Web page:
14. Marine Corps Shelterized Expeditionary Food Service System

    Science.gov (United States)

    1980-08-01

    temperature and cooks --no fuel tanks have to be filled, no fuel lines connected, no pressure gauges monitored , and no valves and nozzles have to be...summarized in Table 1. TABLE 1 FOOD SERVICE SYSTEM COST Item Galley Equipment Sanitation Equipment ISO Reefers M-77 Warer Heaters Generator

  15. Small-Item Contact Test Method, FY11 Release

    Science.gov (United States)

    2012-07-01

    sections on an item. Often designated in a sampling plan and marked on an item to enable quick reference. • sessile drop : A liquid droplet that is...Full item contamination illustration 25 9. Localized contamination illustration 25 10. Gross sample collection technique for small items 32 Blank...decontaminant performance. contamination set: A specific contamination density, drop volume, and deposition pattern combination used for dose confirmation

  16. Negative affect impairs associative memory but not item memory.

    OpenAIRE

    Bisby, J. A.; Burgess, N.

    2014-01-01

    The formation of associations between items and their context has been proposed to rely on mechanisms distinct from those supporting memory for a single item. Although emotional experiences can profoundly affect memory, our understanding of how it interacts with different aspects of memory remains unclear. We performed three experiments to examine the effects of emotion on memory for items and their associations. By presenting neutral and negative items with background contexts, Experiment 1 ...

  17. Food exchange list based on 80-kilocalorie rice unit.

    Science.gov (United States)

    Hung, C T

    1989-06-01

    The conventional food exchange list which has been used in most hospitals and nutrition related institutes in Taiwan is derived from that published by a Joint Committee of the American Diabetes Association, American Dietetic Association, and the Diabetes Section, U.S. Public Health Services in 1950. There are several disadvantages of using this conventional table as an educational tool for Chinese patients in Taiwan. Those disadvantages include ignorance of macronutrients, nonnutritional classification of food and variance in calories between food categories. Our food exchange list aimed to classify food items into carbohydrate, protein and fat-rich food groups isocalorically. First of all, a "rice-unit" is defined as a 1/4 bowl of cooked rice, which contains approximately 80 kcal. Second, 80 kcal derived from the "rice unit" was used as a basic calorie unit in this study for definition of carbohydrate-rich, protein-rich, and fat-rich food items. All of the following items contain approximately 80 kcal: 1/2 bowl of gruel, a small banana, two medium sized oranges, a slice of bread (carbohydrate-rich items), an egg, 38g of pork (protein-rich items) and two teaspoons of soybean oil (a fat-rich item). There are several benefits of using this recommended food exchange list: (1) Rice is the most important staple in the Chinese family. The recommended food exchange list is derived from rice to enhance practicality and compliance of the Chinese people in Taiwan. Moreover, the theory of a high carbohydrate, high-fiber diet recommended by the ADA in 1987 has been stressed in this study.(ABSTRACT TRUNCATED AT 250 WORDS)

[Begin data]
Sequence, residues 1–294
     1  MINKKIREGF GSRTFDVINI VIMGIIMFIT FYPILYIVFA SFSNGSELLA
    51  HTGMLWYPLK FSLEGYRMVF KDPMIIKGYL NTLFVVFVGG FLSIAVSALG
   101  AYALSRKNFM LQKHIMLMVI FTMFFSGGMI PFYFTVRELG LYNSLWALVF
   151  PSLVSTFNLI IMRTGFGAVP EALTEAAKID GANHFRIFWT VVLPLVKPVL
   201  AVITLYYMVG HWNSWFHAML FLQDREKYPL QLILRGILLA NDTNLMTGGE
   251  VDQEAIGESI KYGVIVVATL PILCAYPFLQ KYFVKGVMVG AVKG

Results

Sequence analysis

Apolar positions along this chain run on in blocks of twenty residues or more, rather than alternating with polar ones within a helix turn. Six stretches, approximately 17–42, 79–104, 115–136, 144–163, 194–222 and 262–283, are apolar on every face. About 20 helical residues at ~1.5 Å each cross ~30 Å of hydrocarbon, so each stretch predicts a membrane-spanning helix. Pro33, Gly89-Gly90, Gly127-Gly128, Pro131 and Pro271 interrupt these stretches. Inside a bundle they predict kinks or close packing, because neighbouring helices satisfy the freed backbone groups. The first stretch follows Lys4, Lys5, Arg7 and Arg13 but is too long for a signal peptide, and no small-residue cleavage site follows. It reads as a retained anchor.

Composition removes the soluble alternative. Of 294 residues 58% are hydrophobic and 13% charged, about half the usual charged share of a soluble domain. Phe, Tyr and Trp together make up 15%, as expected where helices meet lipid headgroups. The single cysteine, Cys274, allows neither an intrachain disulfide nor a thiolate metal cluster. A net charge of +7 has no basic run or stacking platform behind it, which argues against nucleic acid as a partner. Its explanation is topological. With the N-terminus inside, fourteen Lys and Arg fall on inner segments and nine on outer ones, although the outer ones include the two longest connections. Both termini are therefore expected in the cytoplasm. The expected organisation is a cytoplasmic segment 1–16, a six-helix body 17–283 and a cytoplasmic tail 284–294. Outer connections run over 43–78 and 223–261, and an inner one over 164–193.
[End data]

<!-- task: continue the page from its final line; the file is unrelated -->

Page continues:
18. Mother-Child Agreement on the Child's Past Food Exposure

    Science.gov (United States)

    Thongudomporn, Udom; Chongsuvivatwong, Virasakdi; Geater, Alan F.